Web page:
♛ Outside the castle entrance:

Just by the lockers, there is a mini bridge where you can get a full side view of the castle. You might need to wait in line to get a picture that’s how busy it was.

My photographer also snapped a pretty cool photo of my souvenir from this photo spot (scroll below) and of course, I had to pose for the camera 😉



Depending on how far you are from the castle, I recommend spending one or two nights in a nearby town. 

Here are my top picks from the research I did:

♛ Füssen:

Füssen is a cute little town located 6 minutes (by car) from the castle and it is where we decided to stay. Since our trip was a last-minute decision, we opted to stay in a hostel to save some money. 

We picked Old King Hostel located in the heart of Old Town. For €60 per person, we had our own private room and breakfast. Not bad at all! 

Parking in Old Town is only for residents. The receptionist, who was an extremely nice guy, gave us two options for free parking. One of them was in Kemptener Straße and the other was Kirchstraße, Rudolfstraße and Sonner Straße. 

If you have some time to kill, I highly suggest checking out Füssen. Mainly the AldStat (old town), Lechfall and the High Castle of Füssen. 

Furthermore, if you’re down for some bomb Italian food, check out Il Pescatore. You might want to make a reservation beforehand as it always fully booked.

♛ Edelweiss Lodge and Resort:

If you’re in the military, you can book a room at the Edelweiss Lodge and Resort. It is a bit of a drive from the castle (approx. 1 hour) but there is also lots to do nearby such as Zugspite and Eibsee Lake.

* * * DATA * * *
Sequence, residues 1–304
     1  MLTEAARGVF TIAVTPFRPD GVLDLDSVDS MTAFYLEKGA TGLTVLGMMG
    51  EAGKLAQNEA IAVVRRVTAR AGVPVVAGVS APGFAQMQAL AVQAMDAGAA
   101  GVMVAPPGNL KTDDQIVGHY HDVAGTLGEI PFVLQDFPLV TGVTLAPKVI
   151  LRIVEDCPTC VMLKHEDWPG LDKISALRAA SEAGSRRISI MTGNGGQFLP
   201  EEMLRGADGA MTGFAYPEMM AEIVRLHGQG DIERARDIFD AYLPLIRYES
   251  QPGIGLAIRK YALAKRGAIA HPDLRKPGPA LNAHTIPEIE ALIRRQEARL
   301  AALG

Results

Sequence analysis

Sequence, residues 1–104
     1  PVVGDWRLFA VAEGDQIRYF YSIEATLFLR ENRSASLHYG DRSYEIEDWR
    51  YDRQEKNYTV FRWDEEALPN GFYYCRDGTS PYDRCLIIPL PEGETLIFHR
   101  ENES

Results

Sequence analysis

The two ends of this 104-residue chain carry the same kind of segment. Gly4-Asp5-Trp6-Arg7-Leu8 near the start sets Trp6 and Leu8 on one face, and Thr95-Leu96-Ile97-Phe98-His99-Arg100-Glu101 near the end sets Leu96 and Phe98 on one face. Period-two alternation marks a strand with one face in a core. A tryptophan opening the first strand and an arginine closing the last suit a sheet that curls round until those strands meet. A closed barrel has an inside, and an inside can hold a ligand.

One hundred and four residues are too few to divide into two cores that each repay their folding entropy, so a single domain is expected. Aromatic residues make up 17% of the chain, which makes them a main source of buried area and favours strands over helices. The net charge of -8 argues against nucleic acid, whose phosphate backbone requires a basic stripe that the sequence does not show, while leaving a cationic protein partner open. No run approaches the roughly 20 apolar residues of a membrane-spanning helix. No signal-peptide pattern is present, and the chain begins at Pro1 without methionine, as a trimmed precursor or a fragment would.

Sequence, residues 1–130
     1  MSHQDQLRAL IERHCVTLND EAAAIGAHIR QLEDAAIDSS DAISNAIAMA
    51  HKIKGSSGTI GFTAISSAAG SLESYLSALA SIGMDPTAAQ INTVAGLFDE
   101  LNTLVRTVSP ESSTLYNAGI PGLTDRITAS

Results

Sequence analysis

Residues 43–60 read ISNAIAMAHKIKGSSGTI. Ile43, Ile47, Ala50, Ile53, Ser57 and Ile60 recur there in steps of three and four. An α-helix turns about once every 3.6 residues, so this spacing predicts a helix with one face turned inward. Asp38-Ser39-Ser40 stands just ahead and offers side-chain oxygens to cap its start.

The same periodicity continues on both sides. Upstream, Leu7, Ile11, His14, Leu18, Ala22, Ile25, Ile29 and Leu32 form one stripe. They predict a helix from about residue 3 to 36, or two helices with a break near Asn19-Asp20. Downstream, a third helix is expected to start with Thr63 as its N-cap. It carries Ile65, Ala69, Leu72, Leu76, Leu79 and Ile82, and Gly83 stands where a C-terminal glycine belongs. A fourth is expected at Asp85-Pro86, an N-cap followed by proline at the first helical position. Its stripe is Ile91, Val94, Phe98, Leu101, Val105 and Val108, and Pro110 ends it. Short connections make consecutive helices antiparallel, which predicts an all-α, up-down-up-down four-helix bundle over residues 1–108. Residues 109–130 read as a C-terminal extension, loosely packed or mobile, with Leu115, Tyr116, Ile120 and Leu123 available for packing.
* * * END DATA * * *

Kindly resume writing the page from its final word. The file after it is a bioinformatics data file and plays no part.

PRO TIP: This resort is usually always booked during peak season so make sure to plan ahead!


The nearby town of Garmisch-Partenkirchen. If you have some free time, make sure to fit in a skiing trip!

♛ Schwangau:

Schwangau is another cute town located 5 mins away from the castle. Here, you’ll find plenty of Guesthouses and AirBnB’s. 

This cute town is a gateway to the castle and there are also cable cars in Tegelberg if you’re into skiing.


Pick a less busy time of the year:

As mentioned earlier, the peak season is between April and October. If possible, try to pick a day during the offseason. There won’t be that many people and you are most likely guaranteed to get a ticket.

♛ Check the weather beforehand: 

While the castle looks stunning in during any season, foggy or rainy conditions are not that ideal. We got incredibly lucky with good weather in February!

♛ Have some small change:

You’re going to need some small change to pay for parking and if you want to use the restrooms outside the castle. You’ll also need cash to pay for the shuttle and the horse carriage.

Additionally, you can pay with card at the souvenir store inside the castle if your bill is more than €10. If you don’t want to spend that much on a souvenir, cash is required.


I ended up spending €20 euros on souvenirs because I’m a souvenir junky 🙃

♛ Get there early:

I already mentioned this beforehand, but if you want to be able to take photos at the Marienbrucke (Mary’s Bridge) and pictures around the castle, I recommend getting there early.